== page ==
Sochi: At least there was talk

March 2, 2014

No bombs at Sochi, as the Putin gantlet held it’s firm grip upon the populace and prevented virtually any exchange between locals and visitors.

The tremendous worldwide focus on human rights abuses in Russia didn’t prevent whippings and beatings and arrests from taking place to leave a tainted perfume of fascist excess over the whole Sochi Winter Olympics.

Protesting environmental activists were jailed under the charge of damaging state property, Cossacks-yes, Cossacks, were sent out as a security force, sort of a mercenary army style militia, as if our Civil War enactors were given real weapons.

These same Cossacks were let loose on the human rights champions Pussy Riotas they garnered more headlines than Pope Frank.

All this leads to the point that is not much discussed in this ongoing worldwide coverage of LGBTQ oriented violence: violence equates high profile. The cost of this terrible behavior is the attention of the world.

At least there is ongoing sociological and political discussion about gay rights.

With the Olympics over, activists like WeHo’s Nir Zilberman worry that after the Sochi games are finished, the focus on Russia will dissipate and the ever so brief attention span of humankind will move on to other matters, like the Bieber Incident of the Day and cuddly kittens on YouTube.

Mr. Zilberman has reminded us with his chilling displays of concentration camp uniforms in his stores here in West Hollywood that this fascistic behavior is exactly how Hitler rose to power and his Final Solution engaged.

Protest is essential: waving a small rainbow flag in Sochi might indeed cause a visiting Italian transgendered activist and politician to be detained causing ripples throughout the world.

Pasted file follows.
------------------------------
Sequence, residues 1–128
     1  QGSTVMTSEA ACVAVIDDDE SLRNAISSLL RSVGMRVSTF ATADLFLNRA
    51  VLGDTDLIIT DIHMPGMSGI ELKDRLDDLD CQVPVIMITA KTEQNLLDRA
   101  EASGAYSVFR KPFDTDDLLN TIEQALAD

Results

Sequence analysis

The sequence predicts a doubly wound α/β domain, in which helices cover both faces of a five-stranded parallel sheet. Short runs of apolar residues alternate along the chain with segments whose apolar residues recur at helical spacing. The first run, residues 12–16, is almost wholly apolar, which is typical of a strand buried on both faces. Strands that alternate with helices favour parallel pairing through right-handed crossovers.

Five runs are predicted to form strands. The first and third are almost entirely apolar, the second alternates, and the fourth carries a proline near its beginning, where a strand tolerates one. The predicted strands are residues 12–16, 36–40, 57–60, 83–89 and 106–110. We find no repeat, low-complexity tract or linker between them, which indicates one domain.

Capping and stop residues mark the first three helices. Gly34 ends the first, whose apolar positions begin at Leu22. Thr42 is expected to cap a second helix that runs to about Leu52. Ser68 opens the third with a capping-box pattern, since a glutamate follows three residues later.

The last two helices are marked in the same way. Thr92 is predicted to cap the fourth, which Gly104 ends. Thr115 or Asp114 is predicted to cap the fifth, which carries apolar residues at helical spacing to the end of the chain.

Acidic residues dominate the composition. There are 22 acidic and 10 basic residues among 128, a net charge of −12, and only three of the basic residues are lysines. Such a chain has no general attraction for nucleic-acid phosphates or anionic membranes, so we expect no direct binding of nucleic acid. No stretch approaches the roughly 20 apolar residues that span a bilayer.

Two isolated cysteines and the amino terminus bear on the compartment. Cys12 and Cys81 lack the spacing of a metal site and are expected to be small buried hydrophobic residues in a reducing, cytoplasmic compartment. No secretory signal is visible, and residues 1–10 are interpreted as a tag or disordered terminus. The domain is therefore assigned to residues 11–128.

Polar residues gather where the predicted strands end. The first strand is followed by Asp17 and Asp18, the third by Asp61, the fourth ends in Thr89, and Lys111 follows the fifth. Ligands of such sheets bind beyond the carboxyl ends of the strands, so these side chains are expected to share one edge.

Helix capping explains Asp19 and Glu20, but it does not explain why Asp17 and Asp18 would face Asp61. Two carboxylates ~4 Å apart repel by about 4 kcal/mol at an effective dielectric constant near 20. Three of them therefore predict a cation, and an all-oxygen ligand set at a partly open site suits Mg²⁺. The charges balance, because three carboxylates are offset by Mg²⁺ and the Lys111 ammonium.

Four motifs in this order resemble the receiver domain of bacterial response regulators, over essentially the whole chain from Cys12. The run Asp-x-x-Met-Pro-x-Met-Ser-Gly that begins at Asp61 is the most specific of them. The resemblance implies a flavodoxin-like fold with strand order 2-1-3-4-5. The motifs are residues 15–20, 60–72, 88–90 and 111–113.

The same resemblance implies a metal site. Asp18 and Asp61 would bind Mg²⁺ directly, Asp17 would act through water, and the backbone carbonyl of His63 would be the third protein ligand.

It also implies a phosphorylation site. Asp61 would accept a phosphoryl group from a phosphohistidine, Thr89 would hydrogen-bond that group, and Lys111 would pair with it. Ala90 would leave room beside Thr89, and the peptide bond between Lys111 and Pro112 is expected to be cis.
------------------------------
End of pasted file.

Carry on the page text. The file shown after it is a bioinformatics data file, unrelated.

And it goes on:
This, my dears, is how we raise awareness.

The hate groups in Russia pretending to worry about pedophiles have dropped all pretense of catching a predator and are now just luring in gay men off the internet to beat and abuse, film their exploits and become heroic to their intellectually limited minions as they go on “Safari” to destroy lives, as shown powerfully in the documentary Hunted by journalist Liz Mackean

With small branches in thirty cities, each with a dozen or so members and including slightly larger groups in Moscow and St. Petersburg, the hate groups have little influence outside sensationalist media coverage, and could be a passing trend that will fade with disinterest over time, like the “catch a predator” YouTube videos that are already losing view numbers in the Russian Federation.

The door has been opened to freedom for the LGBTQ community in Russia, and there is in fact a very vibrant gay culture emerging in the chaos, rising from the whips and blood to express a sense of freedom seen in other parts of the Western world for decades: now, it’s Russia’s turn.

Pussy Riot indeed opened that door wide, churning the civil rights movement along anti-government sentiment and confronting both Putin and the resurgent Russian Orthodox church.

Now, we have lesbians holding hands at the Sochi opening ceremony; figure skating champ and Sochi announcer Johnny Weir putting on an Elton-worthy fashion barrage while Elton John performs in Moscow and professes his love for Russia while pleading for tolerance; upcoming U.S. gay pride tours from Russian queer activist rock band DIK; a vibrant gay print magazine presence and U.S. film directors visiting St. Petersburg’s queer film community.

It’s possible the bookstores can fly a rainbow flag out front in the not too distant future; the gay bars won’t need to worry about gunfire and harassment, and the shows at the Sochi Mayak drag bar can continue unscathed.

Roy Rogers Oldenkamp writes about film and culture.

At this juncture, though, the world’s compassion and protestation seems stronger than ever, especially in the wake of the Ugandan anti-gay law, the recent Nigerian anti-gay legislation and a host of hostile nations that have or may soon criminalize homosexuality.

But then, it’s hard for us to throw a lavender stone when we have an Arizona hoping to institute similar discrimination on our soil.

Heal Thyself America; we have our own sociological and political discussion about gay rights to engage in, but don’t let up on Russia, either.

All discrimination is an attempt to demonstrate ones “superiority over” the discriminated against.

Putin and Russian anti-gay legislators are merely acting as countless other regimes have in the past – they demonize the least powerful in order to centralize their own power and deflect the citizen’s resentments of government to, say, Jews or Blacks or Chinese.

Except that was pre-Internet, pre-cell phones, pre-everyman is a journalist days. Let’s see what happens next.